To the Editor:
Elliot Washor and Charles Mojkowski’s Commentary “The College Juggernaut” (Jan. 17, 2007) makes some very good points. But my take on the push to get more students into and graduated from college is much broader than the traditional four-year program.
College can be any postsecondary program offering a degree beyond a high school diploma. Completion of college should not be defined as a set number of years, but by the attainment of a new set of usable skills. All over the country, the workforce is in need of skilled members. These are workers that possess specific higher-level skills in technology, health care, mechatronics (electromechanical systems), biometrics, forensics, and so on. For the most part, these are not four-year-college skills, but are skills nonetheless provided by some type of college education.
The main points of Messrs. Washor and Mojkowski’s essay should have been that all students must finish high school, that all students must be prepared to go on to some type of college program, and that all students must be ready to never quit learning.
Lakeview High School
To the Editor:
While it would be good if more students graduated from high school with the ability and desire to do college-level work, we shouldn’t expect that to do anything to help society “close its social gaps,” in the words of Elliot Washor and Charles Mojkowski. This is because substantial numbers of college graduates already end up working in what are generally regarded as “high school jobs.” Among others, Frederic L. Pryor and David L. Schaffer have made that point, in their 1999 book Who’s Not Working and Why. The labor market is not going to miraculously change just because more people have college credentials. Most jobs now and in the future will require no advanced academic preparation, only trainability.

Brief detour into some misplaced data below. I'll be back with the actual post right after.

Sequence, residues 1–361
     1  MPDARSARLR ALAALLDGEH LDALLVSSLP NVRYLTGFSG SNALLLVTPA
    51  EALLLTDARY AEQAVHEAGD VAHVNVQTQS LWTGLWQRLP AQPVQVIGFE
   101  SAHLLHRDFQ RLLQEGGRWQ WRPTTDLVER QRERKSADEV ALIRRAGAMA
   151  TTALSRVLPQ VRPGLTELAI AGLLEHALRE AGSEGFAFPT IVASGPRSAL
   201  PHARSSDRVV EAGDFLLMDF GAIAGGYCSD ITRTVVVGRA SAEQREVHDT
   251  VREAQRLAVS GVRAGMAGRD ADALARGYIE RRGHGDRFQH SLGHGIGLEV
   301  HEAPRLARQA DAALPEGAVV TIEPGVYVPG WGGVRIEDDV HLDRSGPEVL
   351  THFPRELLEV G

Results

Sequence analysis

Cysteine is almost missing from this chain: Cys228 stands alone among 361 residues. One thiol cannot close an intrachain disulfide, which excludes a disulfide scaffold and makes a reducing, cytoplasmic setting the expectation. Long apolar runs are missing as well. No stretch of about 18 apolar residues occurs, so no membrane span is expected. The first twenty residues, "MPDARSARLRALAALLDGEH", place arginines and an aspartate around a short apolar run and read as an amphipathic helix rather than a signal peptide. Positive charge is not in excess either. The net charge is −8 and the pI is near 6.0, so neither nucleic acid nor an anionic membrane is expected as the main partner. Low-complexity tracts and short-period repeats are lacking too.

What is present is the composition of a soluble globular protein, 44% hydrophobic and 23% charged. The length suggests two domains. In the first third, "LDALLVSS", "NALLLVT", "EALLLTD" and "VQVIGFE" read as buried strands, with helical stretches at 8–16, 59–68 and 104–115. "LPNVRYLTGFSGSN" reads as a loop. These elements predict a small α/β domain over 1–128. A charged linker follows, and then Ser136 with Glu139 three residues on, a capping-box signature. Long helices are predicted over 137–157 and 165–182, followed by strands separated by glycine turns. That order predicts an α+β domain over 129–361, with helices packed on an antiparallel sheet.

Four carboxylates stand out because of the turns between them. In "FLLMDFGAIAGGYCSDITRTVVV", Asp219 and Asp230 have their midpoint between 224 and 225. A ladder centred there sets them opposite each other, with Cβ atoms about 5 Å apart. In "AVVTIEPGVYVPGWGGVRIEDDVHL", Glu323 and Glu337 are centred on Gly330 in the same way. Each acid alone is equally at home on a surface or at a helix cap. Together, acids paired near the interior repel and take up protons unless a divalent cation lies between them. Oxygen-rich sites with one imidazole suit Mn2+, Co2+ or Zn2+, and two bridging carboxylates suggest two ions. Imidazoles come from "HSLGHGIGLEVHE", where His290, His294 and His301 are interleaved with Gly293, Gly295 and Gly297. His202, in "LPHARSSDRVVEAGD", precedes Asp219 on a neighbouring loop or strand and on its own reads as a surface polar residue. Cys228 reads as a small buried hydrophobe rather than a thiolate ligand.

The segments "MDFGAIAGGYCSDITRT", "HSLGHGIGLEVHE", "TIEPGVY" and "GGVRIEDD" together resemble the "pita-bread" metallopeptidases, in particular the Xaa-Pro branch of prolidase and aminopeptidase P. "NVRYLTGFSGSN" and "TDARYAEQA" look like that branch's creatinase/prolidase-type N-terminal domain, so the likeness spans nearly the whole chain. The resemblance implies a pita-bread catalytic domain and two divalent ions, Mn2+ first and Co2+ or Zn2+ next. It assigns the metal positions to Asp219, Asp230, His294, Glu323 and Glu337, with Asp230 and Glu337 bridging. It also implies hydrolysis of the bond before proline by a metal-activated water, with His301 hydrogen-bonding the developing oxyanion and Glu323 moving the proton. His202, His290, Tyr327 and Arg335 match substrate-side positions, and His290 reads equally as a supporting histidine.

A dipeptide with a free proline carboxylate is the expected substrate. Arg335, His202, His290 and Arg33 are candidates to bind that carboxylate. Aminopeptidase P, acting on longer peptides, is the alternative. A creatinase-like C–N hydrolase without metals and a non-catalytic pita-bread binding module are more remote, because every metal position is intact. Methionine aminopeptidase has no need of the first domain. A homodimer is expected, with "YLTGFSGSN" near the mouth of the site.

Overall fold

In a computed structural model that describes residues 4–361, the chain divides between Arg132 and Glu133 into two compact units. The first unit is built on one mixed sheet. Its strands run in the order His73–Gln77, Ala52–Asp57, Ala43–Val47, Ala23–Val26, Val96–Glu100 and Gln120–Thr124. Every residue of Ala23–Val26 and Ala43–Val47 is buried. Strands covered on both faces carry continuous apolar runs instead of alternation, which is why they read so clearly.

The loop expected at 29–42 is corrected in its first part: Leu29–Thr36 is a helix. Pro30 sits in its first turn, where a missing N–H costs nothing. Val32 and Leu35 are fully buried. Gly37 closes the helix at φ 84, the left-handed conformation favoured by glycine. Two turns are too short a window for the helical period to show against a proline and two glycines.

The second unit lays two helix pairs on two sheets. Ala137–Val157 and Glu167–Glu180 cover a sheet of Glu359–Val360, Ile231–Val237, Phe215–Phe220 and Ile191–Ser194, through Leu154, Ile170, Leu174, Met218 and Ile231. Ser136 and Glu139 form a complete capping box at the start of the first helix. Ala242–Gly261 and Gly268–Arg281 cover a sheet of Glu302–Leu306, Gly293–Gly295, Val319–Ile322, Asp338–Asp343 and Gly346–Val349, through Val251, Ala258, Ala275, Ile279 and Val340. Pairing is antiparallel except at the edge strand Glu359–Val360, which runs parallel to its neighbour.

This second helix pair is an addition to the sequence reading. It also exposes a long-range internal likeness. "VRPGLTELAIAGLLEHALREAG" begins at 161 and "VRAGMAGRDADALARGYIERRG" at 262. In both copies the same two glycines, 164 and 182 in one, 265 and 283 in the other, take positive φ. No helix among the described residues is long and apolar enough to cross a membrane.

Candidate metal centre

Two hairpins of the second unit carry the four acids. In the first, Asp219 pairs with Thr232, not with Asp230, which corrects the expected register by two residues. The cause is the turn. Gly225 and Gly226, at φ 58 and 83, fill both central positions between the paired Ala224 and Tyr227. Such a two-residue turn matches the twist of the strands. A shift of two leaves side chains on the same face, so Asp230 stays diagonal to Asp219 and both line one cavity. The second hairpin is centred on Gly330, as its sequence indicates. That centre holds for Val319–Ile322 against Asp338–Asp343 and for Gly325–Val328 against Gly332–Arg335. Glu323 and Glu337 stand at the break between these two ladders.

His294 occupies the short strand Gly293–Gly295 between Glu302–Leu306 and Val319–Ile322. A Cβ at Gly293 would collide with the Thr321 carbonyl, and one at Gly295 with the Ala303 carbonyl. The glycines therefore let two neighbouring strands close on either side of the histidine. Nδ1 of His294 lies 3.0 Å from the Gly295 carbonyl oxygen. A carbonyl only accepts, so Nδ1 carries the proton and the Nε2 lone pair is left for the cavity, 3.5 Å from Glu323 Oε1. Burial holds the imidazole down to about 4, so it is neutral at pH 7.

It’s true that more jobs seemingly “require” a college degree now than in the past, but rarely is this related to concrete skills and knowledge that only college graduates could possess. Rather, when an employer says that a bachelor’s degree is required for applicants, it usually only means that the employer wants to screen out from consideration those who have just a high school diploma, because they are presumed to be less motivated and trainable. The irony is that if we really could make sure that most high school graduates were ready for college, they wouldn’t need to go.
George C. Leef
Vice President for Research
John William Pope Center for
Higher Education Policy
A version of this article appeared in the February 07, 2007 edition of Education Week as If All Were College-Ready, Would They Need to Go?